That is clappity inducing awesome. Thanks.

    AUCKLAND • Since Dec 2009 • 2607 posts Report Reply

  • Kate Hannah, in reply to Russell Brown,

    And everyone but John Key can remember the answer.

    I was four. But I 'marched' in my red and white striped mothercare buggy. And I still recall a first year New Zealand history class, maybe in 1999 or 2000 when the whole rest of the class (a few years younger than me, admittedly) referenced sport and rugby as key and critical positive aspects of Pakeha culture. The lecturer, Dr Jeanine Graham, came up to me afterwards and said: "they don't remember the Tour or its aftermath." For me, the Tour has loomed large, and, I imagine, informed my interest in and study of the ways in which cultures and countries describe and remember the traumatic past.

    Auckland • Since Mar 2010 • 106 posts Report Reply

  • Hilary Stace, in reply to Joe Wylie,

    Some of the saddest stories I've read are by those who were severely physically disabled and also non-verbal. Very vulnerable and a universal assumption that they were also intellectually impaired. I've been to two conference presentations by such people relating their experience of institutionalisation. Very powerful.

    On the other hand I have a young and prolific Facebook and Twitter friend who has a similar very high level of impairment and also does not use spoken words. Yet he lives with his mother, goes to school, plays music, has the freedom of the neighbourhood (as much as you can in a power chair with very limited personal mobility), and has an active social media life. So better is possible.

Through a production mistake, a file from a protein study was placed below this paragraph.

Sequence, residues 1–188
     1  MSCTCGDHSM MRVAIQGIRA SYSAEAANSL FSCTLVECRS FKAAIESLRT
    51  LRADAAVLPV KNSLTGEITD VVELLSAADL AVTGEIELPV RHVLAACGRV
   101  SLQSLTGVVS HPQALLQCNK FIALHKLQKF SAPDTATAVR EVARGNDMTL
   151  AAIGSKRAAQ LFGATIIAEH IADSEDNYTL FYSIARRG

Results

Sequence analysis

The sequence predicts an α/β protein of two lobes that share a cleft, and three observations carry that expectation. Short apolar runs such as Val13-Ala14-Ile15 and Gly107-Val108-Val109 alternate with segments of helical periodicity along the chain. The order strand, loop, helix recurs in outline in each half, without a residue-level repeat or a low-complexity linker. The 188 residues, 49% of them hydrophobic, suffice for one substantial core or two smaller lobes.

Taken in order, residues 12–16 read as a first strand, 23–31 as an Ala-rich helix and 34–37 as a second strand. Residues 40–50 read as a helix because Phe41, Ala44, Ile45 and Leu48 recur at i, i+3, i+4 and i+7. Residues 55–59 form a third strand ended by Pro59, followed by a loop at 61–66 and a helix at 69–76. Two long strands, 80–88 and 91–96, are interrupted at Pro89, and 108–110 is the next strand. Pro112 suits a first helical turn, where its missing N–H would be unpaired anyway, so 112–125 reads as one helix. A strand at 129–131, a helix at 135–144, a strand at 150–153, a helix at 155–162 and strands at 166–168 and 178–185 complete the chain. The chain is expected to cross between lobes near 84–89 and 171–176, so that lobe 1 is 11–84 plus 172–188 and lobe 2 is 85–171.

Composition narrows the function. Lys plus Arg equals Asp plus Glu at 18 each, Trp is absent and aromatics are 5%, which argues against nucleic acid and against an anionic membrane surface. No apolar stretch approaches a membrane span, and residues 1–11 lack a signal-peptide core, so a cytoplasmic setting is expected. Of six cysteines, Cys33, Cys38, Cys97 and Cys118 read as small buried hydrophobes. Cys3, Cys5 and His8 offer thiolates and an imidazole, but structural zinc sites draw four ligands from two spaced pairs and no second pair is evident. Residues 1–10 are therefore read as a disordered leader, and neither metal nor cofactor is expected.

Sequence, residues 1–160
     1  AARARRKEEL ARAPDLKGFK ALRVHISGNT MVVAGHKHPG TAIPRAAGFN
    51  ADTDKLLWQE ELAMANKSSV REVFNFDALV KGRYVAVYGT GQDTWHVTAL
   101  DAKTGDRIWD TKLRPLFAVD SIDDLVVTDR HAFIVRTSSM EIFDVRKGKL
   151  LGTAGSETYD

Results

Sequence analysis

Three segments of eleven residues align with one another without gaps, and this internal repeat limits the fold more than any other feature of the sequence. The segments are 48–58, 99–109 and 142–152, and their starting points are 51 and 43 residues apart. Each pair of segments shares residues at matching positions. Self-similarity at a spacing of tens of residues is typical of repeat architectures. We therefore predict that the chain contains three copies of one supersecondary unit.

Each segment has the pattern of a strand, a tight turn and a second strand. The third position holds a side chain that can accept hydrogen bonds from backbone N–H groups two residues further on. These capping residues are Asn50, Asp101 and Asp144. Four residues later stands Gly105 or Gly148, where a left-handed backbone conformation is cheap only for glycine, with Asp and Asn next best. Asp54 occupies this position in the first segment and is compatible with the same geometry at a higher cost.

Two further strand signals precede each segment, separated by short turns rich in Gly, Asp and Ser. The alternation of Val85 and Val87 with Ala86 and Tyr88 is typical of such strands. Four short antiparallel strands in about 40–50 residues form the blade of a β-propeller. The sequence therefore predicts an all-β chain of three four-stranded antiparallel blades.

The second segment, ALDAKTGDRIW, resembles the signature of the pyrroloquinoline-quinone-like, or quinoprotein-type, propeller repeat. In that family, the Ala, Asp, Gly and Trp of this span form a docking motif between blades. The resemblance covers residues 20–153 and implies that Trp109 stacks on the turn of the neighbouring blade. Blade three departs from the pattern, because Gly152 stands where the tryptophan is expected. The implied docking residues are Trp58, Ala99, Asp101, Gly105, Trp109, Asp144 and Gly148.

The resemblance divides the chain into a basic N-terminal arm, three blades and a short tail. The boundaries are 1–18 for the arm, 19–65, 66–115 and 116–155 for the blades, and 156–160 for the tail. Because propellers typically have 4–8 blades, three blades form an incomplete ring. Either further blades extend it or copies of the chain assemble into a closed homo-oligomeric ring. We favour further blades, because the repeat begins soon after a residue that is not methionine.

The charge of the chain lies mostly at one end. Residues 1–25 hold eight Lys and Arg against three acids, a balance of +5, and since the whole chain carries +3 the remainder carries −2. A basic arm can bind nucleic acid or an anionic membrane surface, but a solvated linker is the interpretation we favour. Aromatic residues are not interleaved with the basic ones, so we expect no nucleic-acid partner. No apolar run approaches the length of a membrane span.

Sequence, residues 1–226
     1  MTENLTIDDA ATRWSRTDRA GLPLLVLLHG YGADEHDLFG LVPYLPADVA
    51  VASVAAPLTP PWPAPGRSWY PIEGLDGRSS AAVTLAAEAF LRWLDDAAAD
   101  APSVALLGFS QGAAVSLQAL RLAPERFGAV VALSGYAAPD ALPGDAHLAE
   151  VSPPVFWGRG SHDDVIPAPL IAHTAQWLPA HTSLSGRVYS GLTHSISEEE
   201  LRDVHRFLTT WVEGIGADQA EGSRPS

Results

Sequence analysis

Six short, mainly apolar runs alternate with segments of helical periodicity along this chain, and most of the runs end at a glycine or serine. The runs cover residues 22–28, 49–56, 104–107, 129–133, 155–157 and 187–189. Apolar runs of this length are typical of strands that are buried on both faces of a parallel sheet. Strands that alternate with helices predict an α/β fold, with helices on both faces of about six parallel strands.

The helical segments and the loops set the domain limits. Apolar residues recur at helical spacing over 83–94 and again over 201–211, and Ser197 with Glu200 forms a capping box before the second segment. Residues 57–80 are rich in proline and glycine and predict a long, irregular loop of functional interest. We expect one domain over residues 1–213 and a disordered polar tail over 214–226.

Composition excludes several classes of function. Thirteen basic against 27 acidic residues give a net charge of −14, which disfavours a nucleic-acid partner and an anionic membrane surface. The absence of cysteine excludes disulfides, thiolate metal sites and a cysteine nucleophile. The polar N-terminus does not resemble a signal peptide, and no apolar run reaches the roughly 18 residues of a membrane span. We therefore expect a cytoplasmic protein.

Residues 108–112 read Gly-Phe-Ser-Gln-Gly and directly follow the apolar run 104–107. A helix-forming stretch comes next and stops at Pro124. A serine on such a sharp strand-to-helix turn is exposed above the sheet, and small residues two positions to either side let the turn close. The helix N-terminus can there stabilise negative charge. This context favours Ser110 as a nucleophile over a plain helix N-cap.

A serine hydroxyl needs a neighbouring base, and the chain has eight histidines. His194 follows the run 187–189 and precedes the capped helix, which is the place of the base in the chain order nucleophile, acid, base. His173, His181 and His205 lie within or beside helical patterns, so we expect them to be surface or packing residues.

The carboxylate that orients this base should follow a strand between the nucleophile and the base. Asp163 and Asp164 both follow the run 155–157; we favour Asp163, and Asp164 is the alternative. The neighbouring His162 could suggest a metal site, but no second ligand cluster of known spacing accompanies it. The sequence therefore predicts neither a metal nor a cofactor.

Wgtn • Since Jun 2008 • 2008 posts Report Reply

  • Sacha,

    Musical corporate culture (via Gemma Gracewood).

    Ak • Since May 2008 • 16280 posts Report Reply

  • Hilary Stace, in reply to Kate Hannah,

    In 1981 there were several of us young mothers who took our babies on the marches in those striped buggies. But things got nasty at Molesworth Street and we didn't take them after that as it was too dangerous (that night we escaped and went home to watch the royal wedding, but I remember the shock of seeing women's bloodied faces under the streetlights). After that the fathers and friends regularly padded up with newspapers and bike helmets and it was quite an anxious wait until they came home again. Last Friday night there was a '81 Molesworth Street tour reunion. My daughter went along to hear first hand what she had participated in. And the current Sth African ambassador talked about what it had meant for them.

    But what struck me most about it all was how young the anti-tour protesters had been then, and how brave, staunch and how organised they were (and without cellphones or computers).

    Wgtn • Since Jun 2008 • 2008 posts Report Reply

  • Leopold, in reply to Hilary Stace,

    Was on every march in Wellington EXCEPT Molesworth Street. Previous Saturday we had blocked the motorway - no one thought of wearing helmets then - After reports of Molesworth came through we started wearing them...

    Since Jan 2007 • 146 posts Report Reply

  • DeepRed,